One of our favorite salad greens, not served often enough in the U.S., is frisée (free-ZAY), curly endive that’s a member of the chicory family. In France, it is formally known as chicorée frisée. (See the different types of endive.)
There are many ways to serve a salade frisée, but a universal favorite is frisée aux lardons, Lyonnaise-style frisée salad.
This salad tops the frisée with a poached egg and lardons—crisp, browned chunks of pork belly—and a sherry vinaigrette. When you cut into it, the runny egg yolk gives the salad a wonderful, silky coat.
Another favorite variation includes crumbled Roquefort cheese or goat cheese with a fan-sliced pear and a few toasted walnut halves. It’s a great flavor layering of bitter from the frisée, salty and smoky from the lardons, sweet from the fruit and tangy vinaigrette.
You can serve salade frisée as a light lunch with crusty rustic bread, as a first course, or with soup for a light dinner.
An Italian touch: burrata cheese. Photo
courtesy Il Mulino Restaurant | NYC.
GETTING CREATIVE WITH FRISÉE
You can create your own signature frisée salad by adding some of these mix-and-match ingredients:
Fruits, Nuts, Vegetables
Apple or pear, red skinned, fan-sliced
Arugula or watercress
Avocado (pair it with grapefruit)
Citrus: grapefruit, orange, blood orange or mandarin
Dried fruit: cherries, cranberries, currants
Figs (combine with prosciutto)
Fresh herbs: chives, tarragon, thyme, parsley
Nuts, toasted: pecans, pistachios, walnuts
Red accent: diced red pepper, tomato or watermelon; halved grape tomatoes; pomegrante arils
Chef Michael Mina varies the frisée salad by
substituting a Scotch egg for the traditional
poached egg. Photo courtesy Michael Mina.
Bacon, pork belly lardons, pancetta, prosciutto, slab bacon lardons
Cheese: burrata, fried cheese (recipe), goat cheese, Parmigiano-Reggiano, Roquefort or other blue cheese
Chicken or duck breast, sliced
Cracklings & sautéed liver: chicken or duck
Egg, poached (hen or quail)
Fish or seafood: crab, lobster, scallops, shrimp
You can also add a touch of the sea with this side of white anchovy bruschetta.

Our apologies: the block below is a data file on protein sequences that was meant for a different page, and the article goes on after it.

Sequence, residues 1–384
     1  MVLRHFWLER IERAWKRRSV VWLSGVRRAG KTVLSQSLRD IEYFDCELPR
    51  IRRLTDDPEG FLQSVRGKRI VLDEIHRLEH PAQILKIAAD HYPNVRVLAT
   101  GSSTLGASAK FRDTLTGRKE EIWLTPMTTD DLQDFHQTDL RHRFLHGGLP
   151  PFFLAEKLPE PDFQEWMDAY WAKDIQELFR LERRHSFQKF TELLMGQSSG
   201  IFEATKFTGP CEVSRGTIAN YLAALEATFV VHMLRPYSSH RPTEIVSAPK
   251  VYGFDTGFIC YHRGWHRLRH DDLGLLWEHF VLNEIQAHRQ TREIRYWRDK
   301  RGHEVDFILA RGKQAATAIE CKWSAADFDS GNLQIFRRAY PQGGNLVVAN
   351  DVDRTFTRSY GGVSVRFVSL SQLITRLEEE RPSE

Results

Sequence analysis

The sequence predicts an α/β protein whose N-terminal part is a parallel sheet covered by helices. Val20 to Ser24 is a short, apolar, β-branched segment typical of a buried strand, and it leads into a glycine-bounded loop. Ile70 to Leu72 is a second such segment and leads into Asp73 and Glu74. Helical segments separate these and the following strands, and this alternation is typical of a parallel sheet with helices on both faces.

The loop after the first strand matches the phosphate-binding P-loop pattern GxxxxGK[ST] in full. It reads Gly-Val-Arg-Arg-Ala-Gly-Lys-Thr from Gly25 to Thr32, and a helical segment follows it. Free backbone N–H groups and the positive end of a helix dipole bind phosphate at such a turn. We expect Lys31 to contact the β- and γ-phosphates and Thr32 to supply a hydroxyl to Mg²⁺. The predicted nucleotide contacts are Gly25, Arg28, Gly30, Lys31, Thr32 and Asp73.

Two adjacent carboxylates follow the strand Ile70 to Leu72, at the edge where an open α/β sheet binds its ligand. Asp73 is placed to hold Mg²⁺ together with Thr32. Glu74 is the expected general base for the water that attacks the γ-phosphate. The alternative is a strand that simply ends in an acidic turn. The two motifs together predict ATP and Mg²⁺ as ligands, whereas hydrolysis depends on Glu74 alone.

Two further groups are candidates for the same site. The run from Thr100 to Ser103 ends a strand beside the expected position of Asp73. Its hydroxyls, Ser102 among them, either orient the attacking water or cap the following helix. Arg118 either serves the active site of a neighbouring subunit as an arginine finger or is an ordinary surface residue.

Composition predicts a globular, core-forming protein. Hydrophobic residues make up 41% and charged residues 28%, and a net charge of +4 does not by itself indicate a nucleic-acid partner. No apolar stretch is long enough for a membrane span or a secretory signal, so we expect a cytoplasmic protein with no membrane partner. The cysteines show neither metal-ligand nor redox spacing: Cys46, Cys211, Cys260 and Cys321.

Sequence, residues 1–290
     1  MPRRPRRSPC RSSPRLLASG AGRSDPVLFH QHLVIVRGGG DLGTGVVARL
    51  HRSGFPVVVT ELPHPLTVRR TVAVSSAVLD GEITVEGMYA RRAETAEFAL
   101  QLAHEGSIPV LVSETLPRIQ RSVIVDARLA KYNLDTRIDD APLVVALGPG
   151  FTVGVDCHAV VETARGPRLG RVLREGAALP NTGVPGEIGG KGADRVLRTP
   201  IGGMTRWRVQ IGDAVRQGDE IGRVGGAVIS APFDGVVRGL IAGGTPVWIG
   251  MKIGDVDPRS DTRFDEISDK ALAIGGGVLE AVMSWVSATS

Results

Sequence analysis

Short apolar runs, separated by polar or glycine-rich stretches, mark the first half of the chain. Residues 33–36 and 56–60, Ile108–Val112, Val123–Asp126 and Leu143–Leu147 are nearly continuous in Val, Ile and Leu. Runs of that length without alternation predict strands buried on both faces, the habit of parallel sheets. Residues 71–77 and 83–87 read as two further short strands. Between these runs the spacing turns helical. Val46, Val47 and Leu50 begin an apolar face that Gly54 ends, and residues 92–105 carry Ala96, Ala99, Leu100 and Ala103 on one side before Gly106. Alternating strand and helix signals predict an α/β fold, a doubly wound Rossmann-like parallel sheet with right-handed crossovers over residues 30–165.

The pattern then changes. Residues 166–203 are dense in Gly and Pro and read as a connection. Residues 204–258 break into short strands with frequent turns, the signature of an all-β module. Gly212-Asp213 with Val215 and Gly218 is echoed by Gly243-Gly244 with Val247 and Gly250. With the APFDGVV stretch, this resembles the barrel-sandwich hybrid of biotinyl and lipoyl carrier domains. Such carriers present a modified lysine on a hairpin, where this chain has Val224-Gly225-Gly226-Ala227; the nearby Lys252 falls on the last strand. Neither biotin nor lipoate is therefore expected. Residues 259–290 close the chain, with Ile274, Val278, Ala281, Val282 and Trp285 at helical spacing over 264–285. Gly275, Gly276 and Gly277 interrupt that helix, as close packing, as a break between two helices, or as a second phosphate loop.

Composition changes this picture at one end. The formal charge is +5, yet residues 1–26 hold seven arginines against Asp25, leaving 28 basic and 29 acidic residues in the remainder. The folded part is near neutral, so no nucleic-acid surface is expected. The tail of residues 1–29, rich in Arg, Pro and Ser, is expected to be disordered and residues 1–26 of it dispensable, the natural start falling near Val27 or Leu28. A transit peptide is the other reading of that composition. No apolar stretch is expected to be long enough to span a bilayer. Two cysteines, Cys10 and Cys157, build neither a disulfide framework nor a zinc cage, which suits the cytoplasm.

You can use a classic vinaigrette or a Dijon vinaigrette, but consider these special variations:
Bacon vinaigrette (recipe)
Sherry or red wine vinaigrette with olive oil
Truffle vinaigrette, with truffle oil
Walnut vinaigrette, with walnut oil
For another special touch, warm the vinaigrette in the microwave right before dressing the salad.
WHAT IS FRISÉE
Frisée is a salad green with distinctive pale, very narrow, curly leaves that grow in a bush-like cluster and are feathery in appearance. The name means “curly.”
Frisée is often included in mesclun and other salad mixes. It is extremely labor-intensive to grow, and therefore one of the costliest salad ingredients.
For that reason, it isn’t a conventional supermarket item, but can be found at upscale markets and purveyors of fine produce.
Frisée has a distinctive flavor and a delightful bitterness—less bitter than its cousins endive and radicchio. Its exotic feathery appearance has great eye appeal. Tips for using it:
As with many salad greens, tear it rather cut it with a knife, or the edges may brown. Tear it shortly before use.
The tough, external leaves are best used as a plate garnish or fed to the gerbil.
Dress the salad right before bringing it to the table, so that it doesn’t discolor or become waterlogged.
The chicory genus is rich in fiber, vitamins and minerals, especially folate and vitamins A and K.